Well, we are truly having a Groundhog Day movie experience, aren’t we? The policy returned—cancer patients can only see doctors in clinic alone and not accompanied by a loved one. It is a necessary precaution amid the recent surge of COVID cases, and I am sure you will agree. We need to reduce the risk of exposure to COVID-19 whenever and wherever possible.
However, this removes the extra set of eyes and ears in the room to ask questions and remember what was said. Patients are so anxious and stressed that they might just sit there and keep nodding their heads up and down implying they understand what they are being told when, in fact, they don’t. This makes your role as their navigator doubly important as you need to reiterate what has been said and ensure they comprehend its meaning.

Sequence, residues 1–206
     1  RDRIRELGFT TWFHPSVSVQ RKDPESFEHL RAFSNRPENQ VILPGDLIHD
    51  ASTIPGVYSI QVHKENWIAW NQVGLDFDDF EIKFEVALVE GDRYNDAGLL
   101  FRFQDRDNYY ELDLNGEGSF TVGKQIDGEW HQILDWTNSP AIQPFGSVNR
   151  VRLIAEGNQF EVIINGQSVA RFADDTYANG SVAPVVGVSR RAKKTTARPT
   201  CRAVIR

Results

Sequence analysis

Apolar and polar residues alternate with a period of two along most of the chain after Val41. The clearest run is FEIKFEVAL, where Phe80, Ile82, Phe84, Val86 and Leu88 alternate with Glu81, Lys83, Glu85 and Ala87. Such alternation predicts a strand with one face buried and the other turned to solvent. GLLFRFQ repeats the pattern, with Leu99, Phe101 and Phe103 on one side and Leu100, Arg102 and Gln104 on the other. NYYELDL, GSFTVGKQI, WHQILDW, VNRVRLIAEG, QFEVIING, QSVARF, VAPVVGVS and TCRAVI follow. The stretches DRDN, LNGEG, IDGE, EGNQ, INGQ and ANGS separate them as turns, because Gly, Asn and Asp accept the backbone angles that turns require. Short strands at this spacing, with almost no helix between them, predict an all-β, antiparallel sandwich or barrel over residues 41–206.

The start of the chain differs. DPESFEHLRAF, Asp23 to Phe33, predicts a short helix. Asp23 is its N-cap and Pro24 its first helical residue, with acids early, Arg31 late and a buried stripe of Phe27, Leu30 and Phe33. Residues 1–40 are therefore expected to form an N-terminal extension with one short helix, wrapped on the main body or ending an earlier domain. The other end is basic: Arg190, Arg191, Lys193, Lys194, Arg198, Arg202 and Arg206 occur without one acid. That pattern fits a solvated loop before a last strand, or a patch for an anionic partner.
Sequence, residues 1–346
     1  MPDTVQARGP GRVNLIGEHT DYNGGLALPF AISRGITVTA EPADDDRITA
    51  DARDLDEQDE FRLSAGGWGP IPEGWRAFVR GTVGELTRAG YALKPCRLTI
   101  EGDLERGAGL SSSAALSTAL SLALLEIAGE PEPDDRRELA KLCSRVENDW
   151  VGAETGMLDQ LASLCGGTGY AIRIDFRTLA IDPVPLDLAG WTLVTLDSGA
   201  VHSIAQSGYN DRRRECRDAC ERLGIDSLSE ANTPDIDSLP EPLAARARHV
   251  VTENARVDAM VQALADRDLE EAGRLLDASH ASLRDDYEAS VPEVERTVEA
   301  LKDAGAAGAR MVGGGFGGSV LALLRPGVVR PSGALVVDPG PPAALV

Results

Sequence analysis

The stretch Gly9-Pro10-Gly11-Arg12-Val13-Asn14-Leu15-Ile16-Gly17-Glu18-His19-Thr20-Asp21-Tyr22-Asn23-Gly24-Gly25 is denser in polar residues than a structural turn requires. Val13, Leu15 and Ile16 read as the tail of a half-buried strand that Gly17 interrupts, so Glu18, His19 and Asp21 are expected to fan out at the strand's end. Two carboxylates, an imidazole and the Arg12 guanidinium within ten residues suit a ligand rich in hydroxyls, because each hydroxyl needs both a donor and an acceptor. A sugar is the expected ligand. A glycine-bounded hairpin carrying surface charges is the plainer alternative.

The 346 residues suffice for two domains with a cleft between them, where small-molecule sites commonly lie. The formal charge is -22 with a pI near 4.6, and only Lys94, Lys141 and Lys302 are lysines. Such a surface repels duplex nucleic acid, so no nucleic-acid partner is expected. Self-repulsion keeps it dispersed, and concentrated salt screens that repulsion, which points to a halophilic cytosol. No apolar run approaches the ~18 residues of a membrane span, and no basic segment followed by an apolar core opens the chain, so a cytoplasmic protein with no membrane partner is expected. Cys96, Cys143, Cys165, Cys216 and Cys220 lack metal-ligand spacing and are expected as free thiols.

An additional step can also be considered—at the beginning of the consult, instruct the patient to voice-record the conversation or connect to their loved one via phone by placing them on speaker phone.
It is important that the patient’s first experience with the oncology team goes off smoothly and a relationship starts to build. This can only happen if everyone is singing from the same sheet music.
Of course, the doctor seeing the patient for the consult needs to agree to be voice-recorded. Frankly, if they don’t agree, I don’t think they should be taking care of oncology patients!
The doctor commonly asks for feedback in the form of YES and NO responses. However, when we ask a patient “did you understand what I just said?”, getting a simple yes or no response doesn’t tell us anything. Navigators need to chime in and say, “repeat back to me your understanding of what the doctor just told you.” NOW, we will see if they comprehend the information as intended.
We all look forward to the day when masks and gloves are off, and we can confidently hold the hand of our patient as well as hug them hello and goodbye. Until then, we still need to ensure they are able to actively and confidently participate in the decision-making about their care and treatment options.